• In examples where secondary device 32 determines that mobile computing device 30 is in a trusted state (“YES” branch of 174), secondary device 32 may determine whether secondary device 32 is in a worn state (176). For example, secondary device 32 may determine that secondary device 32 is in a worn state in response to generating sensor data indicating secondary device 32 is in a physical state corresponding to being worn by a user (“YES” branch of 176). Examples of sensor data indicating secondary device 32 is in a physical state corresponding to being worn by a user may include instances where a clasp sensor of secondary device 32 generates sensor data indicating that secondary device 32 is wrapped around a wrist, where a galvanic skin response sensor of secondary device 32 generates sensor data indicating that secondary device 32 is in direct contract with skin, or the like. As another example, a worn state may include instances where a sensor of secondary device 32 generates sensor data indicating a presence of a user, such as, for example, the sensor data indicating the presence of a temperature or temperature range, a heart rate or heart pulse, gait, or the like.
  • If secondary device 32 determines that secondary device 32 is in a worn state (“YES” branch of 176), secondary device 32 may send payment information for the payment request to payment system 34 (178). For example, in response to determining that mobile computing device 30 is proximate to secondary device 32, that mobile computing device 30 is in a trusted state, and that secondary device 32 is in a worn state, telemetry module 54 of secondary device 32 may send payment information determined by payment module 52 to payment system 34. In this manner, secondary device 32 may send the payment information to payment system 34 without an authentication challenge, thereby reducing the number of steps required to complete the mobile payment, which may result in a better user experience without significantly increasing the risk of abuse by unauthorized persons and financial loss.
  • On the other hand, if mobile computing device 30 and secondary device 32 are not proximate (“NO” branch of 172), mobile computing device 30 is not in a trusted state (“NO” branch of 174), or secondary device 32 is not in a worn state (“NO” branch of 176), secondary device 32 may initiate an authentication challenge (180). For example, in response to mobile computing device 30 and secondary device 32 not being proximate, secondary device 32 may prompt a user to input a response (e.g., a PIN, a pattern or biometric data (e.g., fingerprint, voice, image, or the like), or the like to an authentication challenge in order to reduce the risk of abuse by unauthorized persons.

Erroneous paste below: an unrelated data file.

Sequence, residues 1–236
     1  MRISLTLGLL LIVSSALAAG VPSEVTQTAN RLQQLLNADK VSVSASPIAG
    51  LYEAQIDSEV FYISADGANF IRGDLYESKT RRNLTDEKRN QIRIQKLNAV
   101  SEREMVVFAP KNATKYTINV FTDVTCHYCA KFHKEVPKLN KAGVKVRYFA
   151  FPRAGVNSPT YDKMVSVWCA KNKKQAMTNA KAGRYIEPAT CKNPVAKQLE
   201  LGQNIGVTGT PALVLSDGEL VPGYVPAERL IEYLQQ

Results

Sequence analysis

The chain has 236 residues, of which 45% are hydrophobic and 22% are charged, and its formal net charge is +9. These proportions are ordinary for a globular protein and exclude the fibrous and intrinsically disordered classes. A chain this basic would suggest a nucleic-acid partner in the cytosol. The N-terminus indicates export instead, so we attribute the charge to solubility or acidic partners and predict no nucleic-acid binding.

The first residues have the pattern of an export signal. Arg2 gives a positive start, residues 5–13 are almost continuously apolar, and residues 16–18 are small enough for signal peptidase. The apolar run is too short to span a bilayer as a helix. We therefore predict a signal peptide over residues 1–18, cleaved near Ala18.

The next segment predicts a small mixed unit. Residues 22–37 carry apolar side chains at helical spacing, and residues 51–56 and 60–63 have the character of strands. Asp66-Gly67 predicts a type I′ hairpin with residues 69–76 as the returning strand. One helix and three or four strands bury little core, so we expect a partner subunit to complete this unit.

• Secondary device 32 may determine whether the response to the authentication challenge is satisfied (182). For example, secondary device 32 may receive an indication of a response to the authentication challenge and secondary device 32 may determine whether a payment for the purchase is authorized (e.g., the authentication challenge is satisfied) based on the response to the authentication challenge. As an example, in response to secondary device 32 initiating the authentication challenge, a sensor of secondary device 32 may detect an indication of a touch input (e.g., PIN input by a user, a biometric data, or the like) and secondary device 32 may determine that the authentication challenge is satisfied and that payment for the purchase is authorized based on a comparison of the touch input to a predefined user selected input (e.g., PIN input by a user during a setup of secondary device 32, PIN stored in a cloud computing system, or the like) indicating a match. In response to the authentication challenge being satisfied (“YES” branch of 182), secondary device 32 may send payment information for the payment request (178).